India Behind The Headlines: What The Media Doesn’t Tell You

The Darjeeling Limited /
The Darjeeling Limited /

Don’t travel to India, they tell you.

You will feel the touch of unfamiliar men and the look of unforgiving stares.

If you go, you will not dream in color and you will not find joy in the small things in life. Your day will revolve around what you must do and what you must not question. There is no happiness. There is no hope.

This is what they tell you.

You will be ambushed by a patriarchal society that reduces your every move and word to oblivion. It is not possible that you will be relevant in India. Who you are is not enough and the things you say will go unheard, or unnoticed. They assure you, in this place, you are invisible.

You are told that you will never see a woman laugh or go to a job interview or drive a car.

You will never see her visit with friends or leave the house without her husband. Independence is not a choice for her. It is a privilege she is rarely allowed to access.

Western media tells an unforgiving story about India. It is viewed as a place where a woman could not possibly be happy, because they are subjugated, and forced to be passive about the events happening around them. This account insists women do not belong.

We are shown only of the violence, the slums or the extreme poverty, which essentially represents a country as one with too many people and too much chaos. We cannot accept this as the only story coming out of India. In a place that is so rich with culture and natural beauty, we are denying India a chance to be seen and understood as something more.

Contrary to what Western media informs us, women in India weren’t always being portrayed as the victim. In fact, in the 19th century, Indian women were already attending colleges while British universities were only admitting men. Unlike many Western countries where women attained voting rights centuries after their countries became democratic, in India, it happened simultaneously with men. Women are now identifying with the concept of empowerment which takes its roots from power, predominantly within social and political spheres.

As it stands currently, the government of India has ratified several international conventions and human rights documents that work to ensure equal rights to women. Thirty-three percent of legislative seats are reserved for women, which is the 4th highest percentage of women in politics in the world. The most impressive development thus far has been the increase of women being elected as representatives at the village council level.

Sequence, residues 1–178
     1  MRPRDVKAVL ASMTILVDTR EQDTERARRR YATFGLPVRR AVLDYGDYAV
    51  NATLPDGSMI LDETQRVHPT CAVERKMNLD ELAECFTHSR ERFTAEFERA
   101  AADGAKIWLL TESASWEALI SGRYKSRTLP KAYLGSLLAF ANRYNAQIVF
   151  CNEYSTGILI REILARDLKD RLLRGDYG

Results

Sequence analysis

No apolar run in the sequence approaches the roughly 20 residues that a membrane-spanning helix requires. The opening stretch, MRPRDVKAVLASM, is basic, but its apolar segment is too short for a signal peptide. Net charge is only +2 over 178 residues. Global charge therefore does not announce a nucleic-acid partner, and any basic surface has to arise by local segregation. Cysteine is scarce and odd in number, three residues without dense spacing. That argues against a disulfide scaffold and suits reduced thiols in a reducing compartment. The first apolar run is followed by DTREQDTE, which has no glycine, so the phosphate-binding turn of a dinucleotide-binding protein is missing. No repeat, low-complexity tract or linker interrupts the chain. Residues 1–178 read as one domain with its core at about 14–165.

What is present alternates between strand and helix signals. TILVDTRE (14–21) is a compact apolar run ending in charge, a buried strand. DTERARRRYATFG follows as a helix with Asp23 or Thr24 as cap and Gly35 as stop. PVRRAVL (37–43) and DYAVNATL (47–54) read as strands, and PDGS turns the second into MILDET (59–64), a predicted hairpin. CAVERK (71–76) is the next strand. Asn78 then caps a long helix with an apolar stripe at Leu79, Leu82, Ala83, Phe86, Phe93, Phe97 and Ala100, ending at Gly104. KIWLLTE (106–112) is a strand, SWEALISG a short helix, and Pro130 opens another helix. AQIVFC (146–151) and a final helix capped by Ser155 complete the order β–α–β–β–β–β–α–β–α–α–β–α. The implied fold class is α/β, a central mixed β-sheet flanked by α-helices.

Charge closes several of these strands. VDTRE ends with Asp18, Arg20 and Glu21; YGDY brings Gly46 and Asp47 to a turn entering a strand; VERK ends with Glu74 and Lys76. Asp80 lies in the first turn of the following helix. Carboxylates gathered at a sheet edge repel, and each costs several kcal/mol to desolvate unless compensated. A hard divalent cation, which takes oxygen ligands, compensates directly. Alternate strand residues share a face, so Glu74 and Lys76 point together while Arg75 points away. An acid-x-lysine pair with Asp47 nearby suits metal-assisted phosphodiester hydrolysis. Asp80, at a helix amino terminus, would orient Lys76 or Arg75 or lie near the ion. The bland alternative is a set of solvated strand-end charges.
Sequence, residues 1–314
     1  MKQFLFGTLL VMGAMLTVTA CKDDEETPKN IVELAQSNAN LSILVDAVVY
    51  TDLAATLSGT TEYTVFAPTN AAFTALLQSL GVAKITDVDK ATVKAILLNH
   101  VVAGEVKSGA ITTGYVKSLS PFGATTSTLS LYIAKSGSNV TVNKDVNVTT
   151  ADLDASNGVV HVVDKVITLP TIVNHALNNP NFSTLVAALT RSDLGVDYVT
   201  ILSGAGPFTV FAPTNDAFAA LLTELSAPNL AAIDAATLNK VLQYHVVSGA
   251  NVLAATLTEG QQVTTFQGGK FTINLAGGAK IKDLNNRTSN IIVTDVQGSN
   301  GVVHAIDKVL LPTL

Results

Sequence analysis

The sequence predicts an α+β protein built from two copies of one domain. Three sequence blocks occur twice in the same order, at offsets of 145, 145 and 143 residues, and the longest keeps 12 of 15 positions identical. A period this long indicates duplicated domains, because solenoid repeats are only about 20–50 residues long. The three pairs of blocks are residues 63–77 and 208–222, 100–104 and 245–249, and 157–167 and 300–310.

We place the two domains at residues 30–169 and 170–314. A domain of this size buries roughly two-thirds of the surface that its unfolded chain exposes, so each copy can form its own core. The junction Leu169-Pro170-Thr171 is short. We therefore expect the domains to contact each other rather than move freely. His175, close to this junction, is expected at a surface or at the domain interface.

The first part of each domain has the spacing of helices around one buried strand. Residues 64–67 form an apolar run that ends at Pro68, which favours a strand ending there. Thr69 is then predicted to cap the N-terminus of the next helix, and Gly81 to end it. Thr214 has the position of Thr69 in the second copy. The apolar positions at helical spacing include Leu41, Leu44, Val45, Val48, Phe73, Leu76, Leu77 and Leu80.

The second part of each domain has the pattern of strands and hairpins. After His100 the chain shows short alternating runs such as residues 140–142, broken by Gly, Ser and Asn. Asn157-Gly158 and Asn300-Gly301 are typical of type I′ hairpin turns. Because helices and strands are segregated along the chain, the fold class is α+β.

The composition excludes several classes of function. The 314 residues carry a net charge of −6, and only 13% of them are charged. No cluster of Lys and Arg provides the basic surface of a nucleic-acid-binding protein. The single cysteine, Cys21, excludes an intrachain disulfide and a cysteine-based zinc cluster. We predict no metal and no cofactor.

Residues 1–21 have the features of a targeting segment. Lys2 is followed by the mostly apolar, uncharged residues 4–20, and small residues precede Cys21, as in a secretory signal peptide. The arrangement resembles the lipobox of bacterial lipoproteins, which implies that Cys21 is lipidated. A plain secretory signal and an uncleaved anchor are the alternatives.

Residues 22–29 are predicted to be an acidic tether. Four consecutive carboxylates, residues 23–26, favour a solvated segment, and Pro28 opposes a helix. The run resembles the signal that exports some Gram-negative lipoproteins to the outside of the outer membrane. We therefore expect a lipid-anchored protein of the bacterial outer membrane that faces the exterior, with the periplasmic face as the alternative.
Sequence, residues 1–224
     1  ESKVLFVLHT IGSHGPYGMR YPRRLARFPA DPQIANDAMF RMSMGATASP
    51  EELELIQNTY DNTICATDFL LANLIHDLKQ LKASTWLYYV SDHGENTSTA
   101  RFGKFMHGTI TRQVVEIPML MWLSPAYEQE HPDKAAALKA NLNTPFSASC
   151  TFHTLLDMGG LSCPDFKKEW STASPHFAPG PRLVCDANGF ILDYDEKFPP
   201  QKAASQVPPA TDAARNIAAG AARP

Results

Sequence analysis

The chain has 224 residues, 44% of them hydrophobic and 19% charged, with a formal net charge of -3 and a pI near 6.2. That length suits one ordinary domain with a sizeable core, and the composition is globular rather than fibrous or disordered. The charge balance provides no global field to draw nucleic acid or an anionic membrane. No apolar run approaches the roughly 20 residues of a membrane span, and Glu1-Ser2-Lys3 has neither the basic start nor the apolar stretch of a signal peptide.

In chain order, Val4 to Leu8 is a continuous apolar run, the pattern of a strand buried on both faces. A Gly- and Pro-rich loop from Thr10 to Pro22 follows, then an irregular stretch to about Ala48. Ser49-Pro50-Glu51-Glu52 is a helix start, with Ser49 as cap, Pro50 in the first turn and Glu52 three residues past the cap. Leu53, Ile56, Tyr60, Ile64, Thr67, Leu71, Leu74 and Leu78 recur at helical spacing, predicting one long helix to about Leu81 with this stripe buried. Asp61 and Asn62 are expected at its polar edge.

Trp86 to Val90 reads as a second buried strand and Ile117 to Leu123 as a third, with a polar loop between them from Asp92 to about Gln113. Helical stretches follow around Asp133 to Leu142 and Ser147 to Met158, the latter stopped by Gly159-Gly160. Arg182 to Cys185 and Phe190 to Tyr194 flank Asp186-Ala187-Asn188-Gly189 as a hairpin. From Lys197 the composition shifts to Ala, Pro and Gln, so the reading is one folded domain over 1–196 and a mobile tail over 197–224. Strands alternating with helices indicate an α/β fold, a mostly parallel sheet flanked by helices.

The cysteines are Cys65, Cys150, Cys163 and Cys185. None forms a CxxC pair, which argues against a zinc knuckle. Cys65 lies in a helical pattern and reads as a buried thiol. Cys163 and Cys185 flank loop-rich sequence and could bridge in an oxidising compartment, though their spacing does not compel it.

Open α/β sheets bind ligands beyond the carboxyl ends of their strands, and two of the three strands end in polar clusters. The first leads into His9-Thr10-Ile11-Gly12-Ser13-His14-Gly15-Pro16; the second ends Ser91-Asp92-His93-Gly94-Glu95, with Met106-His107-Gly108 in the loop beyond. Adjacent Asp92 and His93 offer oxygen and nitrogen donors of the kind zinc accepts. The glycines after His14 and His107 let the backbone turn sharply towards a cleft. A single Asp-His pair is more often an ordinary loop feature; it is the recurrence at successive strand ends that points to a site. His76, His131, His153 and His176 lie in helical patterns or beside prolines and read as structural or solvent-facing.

Women are rising up because they recognize that no one else is going to do it for them. They are calling on the government for more promotion of education for women, more reduction strategies for feminized poverty and for the elimination of violence against women.

When women understand what they are capable of, they can make independent decisions for the future of their families and for themselves. Empowerment is not easily granted or achieved. It comes from a fire within and urges you onward to promote a change in yourself or society. Many women in India have taken on the challenge to be represented as more than just victims in Western headlines, but as fighters for their rights and their undisputed dignity.

Women’s rights are, without a doubt, a problem in India, but gone are the days when women sat as spectators. The current narrative of India’s story needs to be retold. It needs a new voice that challenges the indecencies, but also recognizes that there are both men and women in India who are standing up against the stereotypes that have stained and attempted to define their country.

India is a place of brave and empowered women who do not want your pity.

They are strong, beautiful and courageous individuals who recognize that violence is a problem in their country, but not one that defines them. It’s about time we stopped letting it. Thought Catalog Logo Mark

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